Crew 160 Final Commander’s Report
Crew 160 ERAU – Embry-Riddle Aeronautical University involved 6 students with varying majors that all had a passion for space travel and isolated environments. The majority of the crew had personal research to conduct while at the MDRS during the two week rotation which involved the psychology and physiology of being exposed to an isolated environment for an extended period of time. This also included the limitations of what the Martian environment may provide such as being unable to exit the Hab without an approved EVA from Mission Support. The crew became acquainted long before the rotation began during the school year with weekly meetings that prepared for fundraisers and research protocols.
We conducted multiple EVAs to become more familiarized with the environment as well as the suits and ATVs so that we can further understand the limitations being involved on EVAs. We also tried to set up relay sections along the areas surrounding the Habitat so that if the EVA crew had to split into pairs so that one pair can travel farther, we can have everyone maintain communication with HabCom. I also had planned simulated emergencies for the crew to conduct so that we can monitor how well a team can conduct the mission and react to the emergency all while maintaining sim and pushing through the limitations of the EVA suit such as visibility and mobility. The crew handled EVAs and all challenges associated with them tremendously and could not ask for a better team.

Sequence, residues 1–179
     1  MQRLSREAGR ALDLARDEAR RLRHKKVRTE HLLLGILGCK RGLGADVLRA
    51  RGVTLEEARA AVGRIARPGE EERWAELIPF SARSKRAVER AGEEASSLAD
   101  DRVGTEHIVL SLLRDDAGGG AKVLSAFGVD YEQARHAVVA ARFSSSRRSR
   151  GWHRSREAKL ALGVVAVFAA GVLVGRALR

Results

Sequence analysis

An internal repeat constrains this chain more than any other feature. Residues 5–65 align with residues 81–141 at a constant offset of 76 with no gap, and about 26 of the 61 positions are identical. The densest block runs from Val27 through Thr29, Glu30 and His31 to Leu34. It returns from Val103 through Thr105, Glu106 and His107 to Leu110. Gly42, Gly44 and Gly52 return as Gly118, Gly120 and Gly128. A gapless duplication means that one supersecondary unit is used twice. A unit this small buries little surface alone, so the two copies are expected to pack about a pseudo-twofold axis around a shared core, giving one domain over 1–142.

Crew 160 faced one major issue within the Hab that could have resulted to a major problem that could have hindered our performance and health during our two week rotation. We had issues with the water pump leaking water as well as not pumping correctly which could have resulted in water loss that our engineer was able to fix. Our engineer also started fixing minor issues within the hab such as the stairs, the platform in a crew member’s room, and one EVA suit. We also looked into the ATVs and had our engineer bring back another ATV in working order so that 3 ATVs could be utilized for EVAs. The engineer, XO, and I began to test the Sandstorm Rover once our engineer got this little guy working again too.
On a more personal note, the crew had plenty of time to get to know each other even more during the rotation. We played many different kinds of games, watched plenty of shows and movies, and had hilarious conversations that one simply had to be there for. We all enjoyed our company and easily became friends and discovered that we all shared much more similarities than just a longing for space travel.
I would like to thank everyone at Mars Society for all their dedicated time assisting us during our rotation and their hard work for making simulations like MDRS possible. I would also like to thank Dr. Kring, Victoria Barkley, the Embry-Riddle research departments, and my parents for helping my crew and I prepare for the rotation with research and fundraising. We truly could not have done this without everyone’s support!